As Taylor Baldry let a tablecloth settle over the card table he'd set up at Lake Calhoun, passersby looked quizzical. Nattily dressed in an argyle vest and corduroy sport coat, he added a small brass reading lamp, then opened three folding chairs. More sidelong glances. Then came the sandwich board: "Free Conversations."

Within seconds, Jennifer Mills of Chicago and Jan Andreasen of Crystal -- strangers themselves -- took Baldry up on his offer, and the three of them proceeded to discuss famous American Indians, a topic Andreasen chose from a menu of options. Snatches of dialogue carried on the breeze and, after a while, even a bit of laughter, suggesting that the conversation had evolved.

After about 20 minutes, Andreasen left to continue his walk around the lake, unexpectedly invigorated.

"I'm trying to break out of my comfort zone," he said, explaining why he sat down in a public park to chat with two people he'd never laid eyes on before. "If you never stop to try something new, you'll never experience more than what you're already doing."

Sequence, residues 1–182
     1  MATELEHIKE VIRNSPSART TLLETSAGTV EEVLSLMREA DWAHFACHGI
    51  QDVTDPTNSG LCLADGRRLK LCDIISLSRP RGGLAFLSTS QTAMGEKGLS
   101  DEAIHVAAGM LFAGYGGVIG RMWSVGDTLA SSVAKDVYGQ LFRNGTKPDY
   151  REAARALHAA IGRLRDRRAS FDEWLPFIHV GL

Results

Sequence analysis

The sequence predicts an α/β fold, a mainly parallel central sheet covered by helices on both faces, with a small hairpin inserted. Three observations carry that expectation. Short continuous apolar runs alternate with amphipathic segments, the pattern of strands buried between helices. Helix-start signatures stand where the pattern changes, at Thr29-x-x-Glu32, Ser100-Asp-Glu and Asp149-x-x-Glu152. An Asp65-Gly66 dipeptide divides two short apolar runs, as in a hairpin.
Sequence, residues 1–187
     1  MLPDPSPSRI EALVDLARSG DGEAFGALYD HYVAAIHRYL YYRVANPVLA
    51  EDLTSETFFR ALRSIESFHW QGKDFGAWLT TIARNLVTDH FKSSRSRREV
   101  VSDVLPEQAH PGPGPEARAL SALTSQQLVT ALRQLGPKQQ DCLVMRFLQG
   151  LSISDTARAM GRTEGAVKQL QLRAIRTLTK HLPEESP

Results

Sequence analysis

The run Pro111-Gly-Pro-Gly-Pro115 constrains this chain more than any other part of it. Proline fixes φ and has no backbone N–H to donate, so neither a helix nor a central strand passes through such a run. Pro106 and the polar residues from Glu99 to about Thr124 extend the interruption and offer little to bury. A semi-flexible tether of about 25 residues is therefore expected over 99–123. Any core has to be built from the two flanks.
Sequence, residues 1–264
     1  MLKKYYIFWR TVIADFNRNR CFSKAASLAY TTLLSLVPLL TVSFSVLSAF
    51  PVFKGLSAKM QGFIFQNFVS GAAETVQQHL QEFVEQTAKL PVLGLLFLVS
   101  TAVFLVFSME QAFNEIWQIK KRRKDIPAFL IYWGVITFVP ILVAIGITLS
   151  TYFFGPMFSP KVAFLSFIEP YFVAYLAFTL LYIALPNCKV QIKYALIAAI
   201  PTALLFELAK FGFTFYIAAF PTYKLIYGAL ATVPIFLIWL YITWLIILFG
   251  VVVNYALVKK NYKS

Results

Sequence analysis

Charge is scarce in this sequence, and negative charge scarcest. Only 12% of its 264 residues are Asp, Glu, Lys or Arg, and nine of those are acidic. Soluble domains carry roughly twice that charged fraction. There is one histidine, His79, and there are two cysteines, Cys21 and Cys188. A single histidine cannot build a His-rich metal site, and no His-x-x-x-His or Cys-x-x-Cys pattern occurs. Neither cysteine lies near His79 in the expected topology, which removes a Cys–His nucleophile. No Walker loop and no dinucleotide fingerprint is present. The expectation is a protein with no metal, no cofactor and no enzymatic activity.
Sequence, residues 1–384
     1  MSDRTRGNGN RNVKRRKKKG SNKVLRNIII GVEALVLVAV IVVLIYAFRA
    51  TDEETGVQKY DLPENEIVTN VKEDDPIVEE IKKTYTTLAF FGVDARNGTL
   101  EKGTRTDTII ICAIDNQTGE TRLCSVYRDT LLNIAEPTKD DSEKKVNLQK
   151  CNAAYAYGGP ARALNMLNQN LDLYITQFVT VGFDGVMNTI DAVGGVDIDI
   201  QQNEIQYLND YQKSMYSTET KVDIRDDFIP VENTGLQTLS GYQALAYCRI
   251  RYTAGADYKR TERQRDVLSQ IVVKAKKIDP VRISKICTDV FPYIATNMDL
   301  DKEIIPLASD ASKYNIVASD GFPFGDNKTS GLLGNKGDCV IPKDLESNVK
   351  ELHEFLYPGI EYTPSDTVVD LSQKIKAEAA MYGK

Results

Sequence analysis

Baldry beamed when he learned what Andreasen had said. He calls his project "The Conversationalist," a sort of performance-art piece meant to remind people how satisfying it can be to talk with someone face-to-face. "We're so engrossed in the Internet that we're in danger of forgetting what it's like to have a conversation with a friend," he said. "Or a stranger."

Over several weeks this fall, Baldry conversed with all sorts of people, offering them a literal menu of topics. "Starters" were just that: a book recently read, or the weather. "Main dishes" were meatier: Politics, religion, love. "Specials" provided a personal glimpse: Advice, dinosaurs, brainstorming, famous American Indians, weird dreams.

And on this particular afternoon, a special du jour: Things you can do with an egg.

For more than 2 1/2 hours, the folding chairs were never empty.

The heart of the matter

"The Conversationalist" had somewhat selfish beginnings. "I was conversation-starved," said Baldry, 28, who returned this fall to Minnesota after two years in Japan teaching English. Most of the English conversations he had there were, not unexpectedly, "fairly simple and very slow." He craved banter and substance.